Product Placement – Is It Really That Bad?

So news came through over the weekend that the government has finally ceded to pressure from broadcasters and decided to drop the ban on product placement in commercial programming in the UK.

This is news that can be taken in one of two ways – at first I recoiled in mock horror, imagining the potential sway corporate brands could be granted over the public’s subconscious, but it is becoming more and more apparent to me that this is a necessary evil.

The name of the game's placement, product placement (photo: guardian.co.uk)
The name of the game’s placement, product placement (photo: guardian.co.uk)

It’s easy to get all riled up over the intrusion of brand names into your favourite films and TV shows, but think back to these most blatant examples of product placement – James Bond’s latest mobile phone or watch, Pepsi in Back To The Future, even the humble Sara Lee gateau in Peep Show. The most likely response in each case is mild derision, not an uncontrollable urge to go out and by the product in question.

Product placement is cheesy and obvious – it’s not brainwashing, it’s not even subliminal messaging.

It will be interesting to see how the ad men attempt to take advantage of this change in policy. Will Jeff Stelling start prominently drinking PG Tips on Countdown? Don’t worry, the BBC isn’t eligible due to its publicly-funded status, so we won’t be seeing punters in the Queen Vic drinking Strongbow (liquid refreshment) or eating McCoys (man crisps).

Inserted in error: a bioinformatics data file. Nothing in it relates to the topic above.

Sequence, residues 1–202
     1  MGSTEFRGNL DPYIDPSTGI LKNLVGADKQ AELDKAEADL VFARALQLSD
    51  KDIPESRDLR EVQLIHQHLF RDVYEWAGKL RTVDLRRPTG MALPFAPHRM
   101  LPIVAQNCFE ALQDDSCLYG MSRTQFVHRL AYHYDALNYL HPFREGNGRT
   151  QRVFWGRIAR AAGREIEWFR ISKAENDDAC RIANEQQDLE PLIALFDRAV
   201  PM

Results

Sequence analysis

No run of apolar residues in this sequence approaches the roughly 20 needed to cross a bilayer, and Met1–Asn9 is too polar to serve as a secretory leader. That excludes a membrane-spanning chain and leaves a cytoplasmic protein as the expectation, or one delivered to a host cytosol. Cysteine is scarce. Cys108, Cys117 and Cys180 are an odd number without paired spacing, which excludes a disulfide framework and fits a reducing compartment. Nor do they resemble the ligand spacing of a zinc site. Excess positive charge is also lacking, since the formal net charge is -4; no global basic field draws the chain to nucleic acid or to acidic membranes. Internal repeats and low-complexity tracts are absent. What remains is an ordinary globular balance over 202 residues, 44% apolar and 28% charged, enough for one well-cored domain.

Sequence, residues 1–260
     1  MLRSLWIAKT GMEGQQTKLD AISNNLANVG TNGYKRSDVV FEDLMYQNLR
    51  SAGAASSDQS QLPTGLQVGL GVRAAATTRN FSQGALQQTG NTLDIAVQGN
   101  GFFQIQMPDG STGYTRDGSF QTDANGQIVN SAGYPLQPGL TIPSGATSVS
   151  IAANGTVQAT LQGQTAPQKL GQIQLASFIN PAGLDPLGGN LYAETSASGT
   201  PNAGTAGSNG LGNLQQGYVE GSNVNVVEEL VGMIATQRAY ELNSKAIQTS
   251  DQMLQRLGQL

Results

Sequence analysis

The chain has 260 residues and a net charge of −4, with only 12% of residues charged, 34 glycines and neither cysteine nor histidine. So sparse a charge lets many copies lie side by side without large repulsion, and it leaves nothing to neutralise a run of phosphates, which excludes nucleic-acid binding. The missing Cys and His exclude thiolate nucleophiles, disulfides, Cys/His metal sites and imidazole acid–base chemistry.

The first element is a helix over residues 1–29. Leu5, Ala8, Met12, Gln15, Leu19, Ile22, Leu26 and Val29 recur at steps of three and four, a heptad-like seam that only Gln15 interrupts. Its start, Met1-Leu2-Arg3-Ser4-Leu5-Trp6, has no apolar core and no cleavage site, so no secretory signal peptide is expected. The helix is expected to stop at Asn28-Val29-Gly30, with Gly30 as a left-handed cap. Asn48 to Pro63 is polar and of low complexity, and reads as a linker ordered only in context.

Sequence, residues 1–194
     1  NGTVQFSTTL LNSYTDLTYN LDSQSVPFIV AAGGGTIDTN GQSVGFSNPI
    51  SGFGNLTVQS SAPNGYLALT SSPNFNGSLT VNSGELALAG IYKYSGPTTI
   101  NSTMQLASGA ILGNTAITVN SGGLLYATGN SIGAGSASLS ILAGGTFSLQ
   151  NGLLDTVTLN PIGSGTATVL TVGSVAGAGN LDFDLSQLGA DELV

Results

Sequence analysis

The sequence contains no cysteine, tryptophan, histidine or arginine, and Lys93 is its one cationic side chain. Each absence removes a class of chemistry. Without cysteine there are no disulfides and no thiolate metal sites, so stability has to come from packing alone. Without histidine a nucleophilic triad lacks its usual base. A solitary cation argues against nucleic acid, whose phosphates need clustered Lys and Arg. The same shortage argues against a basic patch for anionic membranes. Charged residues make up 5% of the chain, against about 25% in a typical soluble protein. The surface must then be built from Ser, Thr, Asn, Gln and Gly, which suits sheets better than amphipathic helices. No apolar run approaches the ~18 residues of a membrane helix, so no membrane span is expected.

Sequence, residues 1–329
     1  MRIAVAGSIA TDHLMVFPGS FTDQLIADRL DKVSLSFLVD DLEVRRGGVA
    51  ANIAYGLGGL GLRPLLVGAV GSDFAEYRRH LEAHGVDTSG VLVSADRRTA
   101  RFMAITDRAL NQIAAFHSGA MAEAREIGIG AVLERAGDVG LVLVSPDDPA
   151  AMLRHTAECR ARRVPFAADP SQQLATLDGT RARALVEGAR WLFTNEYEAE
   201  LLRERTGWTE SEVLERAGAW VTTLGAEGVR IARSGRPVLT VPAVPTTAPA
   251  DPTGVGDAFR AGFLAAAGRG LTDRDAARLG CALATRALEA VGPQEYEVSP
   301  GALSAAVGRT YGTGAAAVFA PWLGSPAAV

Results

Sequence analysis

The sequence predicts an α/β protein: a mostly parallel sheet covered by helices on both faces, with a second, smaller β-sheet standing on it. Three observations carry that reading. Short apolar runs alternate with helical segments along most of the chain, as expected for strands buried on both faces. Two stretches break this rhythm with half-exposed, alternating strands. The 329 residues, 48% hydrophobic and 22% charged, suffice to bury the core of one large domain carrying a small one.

David Elstein argues persuasively that product placement is nothing to be feared in this column for The Times, but then again he would, being a former chief executive of Channel Five. He makes a good point – the government’s nannying intervention is condescending to us as viewers who can be trusted to think for ourselves. But I shudder when Elstein refers to us all as consumers.

Don’t be fooled – there is an inherent threat to the integrity of programmers in this decision, which will have to be stoutly resisted by those in charge, but if this is what’s needed to keep ITV and Channel 4 afloat, then so be it. The long-term, lingering issue is how to ensure ad revenue as viewers head online for the on-demand convenience of iPlayer and channel4.com. That is a serious dilemma for all major media providers at the moment, but that’s another blog post for another time…

N.B. This blog is not commercially supported in any way by any of the aforementioned brands… yet.

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One thought on “Product Placement – Is It Really That Bad?

  1. Nice perspective. On a technical note, I’m sure I’m just being thick, but are you sure “the BBC isn’t legible” shouldn’t read “the BBC isn’t eligible”? I keep getting images of the BBC broadcasting all their programmes slightly out-of-focus, or blurring all the text on screen. Or an illegible BBC watermark in the top corner… anyway, you get the point.

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